By this time, I had reached the point where I wanted to learn everything I could. I was going to night classes every weekday.
The first year I had attended because it was a condition of the job. The second year I attended because I went ‘learning mad’. I joined courses on a whim and tried everything -- woodwork, judo, pottery, car maintenance…
I had a bash at them all, even ballroom dancing! I’d moved from Anfield Commercial College to Lister Drive School and their wide range of courses was just what I needed. I was, of course, hopeless at most things. It was all just for fun.
I loved car maintenance, at least for the first year. That year it was all practical -- stripping down engines, changing fan belts … I loved all the dirt and grime. There were not many women involved in the mechanical subjects but I didn’t care even when the men looked at me oddly.
I passed the first year without a problem, but the second year was different. We had arrived at the theory. I found it was a case of away with the engines and in with the books. I lost interest quickly and not just because it stopped being fun. Despite the learning of the previous two years, I was still not confident of my reading ability. All the long technical words and the complex structure of the sentences scared me.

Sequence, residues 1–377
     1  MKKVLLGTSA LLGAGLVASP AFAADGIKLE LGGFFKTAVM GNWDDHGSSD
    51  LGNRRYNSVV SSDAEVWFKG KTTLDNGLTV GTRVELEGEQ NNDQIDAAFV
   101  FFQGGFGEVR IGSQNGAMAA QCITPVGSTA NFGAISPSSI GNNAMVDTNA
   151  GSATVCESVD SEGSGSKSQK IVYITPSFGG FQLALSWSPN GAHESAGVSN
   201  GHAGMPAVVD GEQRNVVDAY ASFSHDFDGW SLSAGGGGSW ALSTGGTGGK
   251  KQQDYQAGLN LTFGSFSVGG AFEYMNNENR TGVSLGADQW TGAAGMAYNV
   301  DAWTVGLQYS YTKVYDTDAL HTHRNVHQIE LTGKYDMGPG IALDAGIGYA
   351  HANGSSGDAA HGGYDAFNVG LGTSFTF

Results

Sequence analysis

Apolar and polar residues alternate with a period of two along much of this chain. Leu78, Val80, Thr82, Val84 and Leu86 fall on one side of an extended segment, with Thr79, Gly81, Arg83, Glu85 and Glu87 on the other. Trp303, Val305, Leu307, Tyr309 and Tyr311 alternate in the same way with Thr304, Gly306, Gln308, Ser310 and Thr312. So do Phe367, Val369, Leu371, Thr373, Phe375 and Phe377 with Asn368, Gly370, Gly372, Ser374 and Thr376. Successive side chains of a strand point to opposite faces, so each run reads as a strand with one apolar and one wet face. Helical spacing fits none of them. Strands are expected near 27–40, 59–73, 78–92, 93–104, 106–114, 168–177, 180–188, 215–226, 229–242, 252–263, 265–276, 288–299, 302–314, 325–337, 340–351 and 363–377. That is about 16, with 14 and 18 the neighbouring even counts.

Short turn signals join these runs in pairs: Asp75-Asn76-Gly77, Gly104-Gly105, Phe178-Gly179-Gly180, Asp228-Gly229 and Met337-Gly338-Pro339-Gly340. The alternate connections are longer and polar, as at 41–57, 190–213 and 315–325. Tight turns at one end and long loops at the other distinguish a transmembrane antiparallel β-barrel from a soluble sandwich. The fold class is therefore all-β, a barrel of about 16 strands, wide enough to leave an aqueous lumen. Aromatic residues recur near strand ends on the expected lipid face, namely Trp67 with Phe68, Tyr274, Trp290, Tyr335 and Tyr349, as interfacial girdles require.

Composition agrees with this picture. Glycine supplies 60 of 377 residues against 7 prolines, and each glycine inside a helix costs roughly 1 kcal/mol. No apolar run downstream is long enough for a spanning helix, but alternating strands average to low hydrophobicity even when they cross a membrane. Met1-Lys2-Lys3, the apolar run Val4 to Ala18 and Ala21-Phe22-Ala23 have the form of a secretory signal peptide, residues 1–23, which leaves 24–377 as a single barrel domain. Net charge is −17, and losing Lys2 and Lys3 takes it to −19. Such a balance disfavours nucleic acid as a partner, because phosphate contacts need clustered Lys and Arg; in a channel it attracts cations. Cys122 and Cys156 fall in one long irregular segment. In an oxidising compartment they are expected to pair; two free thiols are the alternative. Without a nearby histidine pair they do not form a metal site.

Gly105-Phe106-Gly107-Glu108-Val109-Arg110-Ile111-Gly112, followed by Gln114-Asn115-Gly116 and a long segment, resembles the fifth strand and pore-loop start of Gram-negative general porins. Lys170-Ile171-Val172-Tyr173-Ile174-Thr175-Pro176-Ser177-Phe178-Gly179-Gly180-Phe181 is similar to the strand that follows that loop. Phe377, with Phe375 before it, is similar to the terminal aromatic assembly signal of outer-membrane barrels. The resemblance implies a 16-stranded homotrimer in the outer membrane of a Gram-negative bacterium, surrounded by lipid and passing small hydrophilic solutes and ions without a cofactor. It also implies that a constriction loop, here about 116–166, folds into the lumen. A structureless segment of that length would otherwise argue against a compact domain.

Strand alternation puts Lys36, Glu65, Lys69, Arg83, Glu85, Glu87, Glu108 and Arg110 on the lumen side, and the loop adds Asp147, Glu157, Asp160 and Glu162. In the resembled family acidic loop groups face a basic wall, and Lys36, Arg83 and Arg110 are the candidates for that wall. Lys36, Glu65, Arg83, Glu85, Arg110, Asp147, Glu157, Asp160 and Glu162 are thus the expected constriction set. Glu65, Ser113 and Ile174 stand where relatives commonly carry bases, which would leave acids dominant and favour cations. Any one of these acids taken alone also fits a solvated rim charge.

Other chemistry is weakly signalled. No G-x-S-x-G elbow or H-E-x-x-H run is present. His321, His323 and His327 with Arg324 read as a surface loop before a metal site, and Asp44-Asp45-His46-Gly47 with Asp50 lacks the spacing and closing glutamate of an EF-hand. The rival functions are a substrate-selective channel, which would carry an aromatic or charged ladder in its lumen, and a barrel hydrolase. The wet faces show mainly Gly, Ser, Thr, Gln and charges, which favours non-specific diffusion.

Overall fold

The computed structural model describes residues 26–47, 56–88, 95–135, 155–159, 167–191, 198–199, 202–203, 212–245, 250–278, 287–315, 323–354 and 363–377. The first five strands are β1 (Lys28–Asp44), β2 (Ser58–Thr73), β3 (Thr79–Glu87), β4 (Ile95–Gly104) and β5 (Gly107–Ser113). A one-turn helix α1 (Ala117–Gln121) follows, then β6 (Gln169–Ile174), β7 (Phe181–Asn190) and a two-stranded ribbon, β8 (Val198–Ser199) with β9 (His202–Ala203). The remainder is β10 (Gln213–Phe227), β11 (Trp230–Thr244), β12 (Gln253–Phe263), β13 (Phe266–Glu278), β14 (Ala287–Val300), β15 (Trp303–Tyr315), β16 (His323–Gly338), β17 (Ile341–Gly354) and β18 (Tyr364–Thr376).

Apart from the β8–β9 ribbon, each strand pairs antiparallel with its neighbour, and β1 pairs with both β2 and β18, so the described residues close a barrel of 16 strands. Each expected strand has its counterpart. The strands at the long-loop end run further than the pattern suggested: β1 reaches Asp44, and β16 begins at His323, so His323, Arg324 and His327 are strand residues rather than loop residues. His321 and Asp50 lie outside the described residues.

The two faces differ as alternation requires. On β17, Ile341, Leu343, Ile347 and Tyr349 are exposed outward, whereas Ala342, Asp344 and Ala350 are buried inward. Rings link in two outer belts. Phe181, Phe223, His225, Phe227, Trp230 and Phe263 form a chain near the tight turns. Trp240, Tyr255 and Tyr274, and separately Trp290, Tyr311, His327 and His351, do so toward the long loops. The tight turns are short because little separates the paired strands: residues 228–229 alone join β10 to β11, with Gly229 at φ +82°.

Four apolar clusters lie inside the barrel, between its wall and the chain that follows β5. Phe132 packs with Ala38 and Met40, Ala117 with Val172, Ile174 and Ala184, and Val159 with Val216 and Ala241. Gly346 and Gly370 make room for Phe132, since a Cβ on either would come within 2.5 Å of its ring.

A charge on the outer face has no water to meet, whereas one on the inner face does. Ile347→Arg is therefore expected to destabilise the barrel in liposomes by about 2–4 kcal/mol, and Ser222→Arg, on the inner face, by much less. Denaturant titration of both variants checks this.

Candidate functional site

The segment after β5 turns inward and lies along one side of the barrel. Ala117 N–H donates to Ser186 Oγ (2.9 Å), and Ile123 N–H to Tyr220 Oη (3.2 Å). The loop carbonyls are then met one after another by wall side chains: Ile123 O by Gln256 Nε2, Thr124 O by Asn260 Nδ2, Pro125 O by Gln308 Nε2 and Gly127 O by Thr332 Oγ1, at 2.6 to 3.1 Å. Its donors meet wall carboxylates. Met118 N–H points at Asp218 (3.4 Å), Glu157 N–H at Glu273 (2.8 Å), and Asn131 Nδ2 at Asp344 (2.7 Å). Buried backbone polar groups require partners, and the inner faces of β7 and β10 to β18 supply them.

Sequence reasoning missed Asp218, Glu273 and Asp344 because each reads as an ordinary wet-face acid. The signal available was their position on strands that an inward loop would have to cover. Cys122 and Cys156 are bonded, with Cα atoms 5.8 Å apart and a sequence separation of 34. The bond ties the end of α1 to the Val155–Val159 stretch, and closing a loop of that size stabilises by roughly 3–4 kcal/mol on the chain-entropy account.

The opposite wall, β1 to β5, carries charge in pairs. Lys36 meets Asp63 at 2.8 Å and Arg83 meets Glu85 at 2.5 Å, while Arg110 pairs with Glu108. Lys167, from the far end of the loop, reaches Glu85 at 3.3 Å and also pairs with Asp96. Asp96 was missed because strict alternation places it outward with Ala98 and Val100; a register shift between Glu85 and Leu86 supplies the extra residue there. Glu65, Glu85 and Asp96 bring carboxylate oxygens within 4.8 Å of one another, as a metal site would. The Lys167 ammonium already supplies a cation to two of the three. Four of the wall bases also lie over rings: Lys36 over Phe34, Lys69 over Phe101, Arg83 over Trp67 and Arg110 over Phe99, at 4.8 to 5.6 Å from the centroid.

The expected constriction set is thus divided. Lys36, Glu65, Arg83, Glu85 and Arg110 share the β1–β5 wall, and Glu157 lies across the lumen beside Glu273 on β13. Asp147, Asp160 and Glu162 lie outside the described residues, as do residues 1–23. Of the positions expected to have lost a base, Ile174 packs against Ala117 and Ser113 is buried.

So I resorted once again to the practical subjects, but my teacher told me: “Stick with it Chrissie, it’ll all come together. You’ve no faith in yourself. You’ve passed the first year…and half the men have left. You can strip an engine right down to the valves…”
He was right. I had no confidence. I couldn’t even bring myself to tell him that (as far as I saw it) I could hardly read. Still, those nights were mostly fun, even if I was never able to square the corners at woodwork!
It was all very much escapism. I was mixing with lots of people, but I still had as few real friends as I had when I sat in the Jewish graveyard talking to the headstones. Finally, I gave up night school for two reasons: I decided that we didn’t do much pottery or moulding plastics where I came from and, more important, I had discovered I was a teenager…
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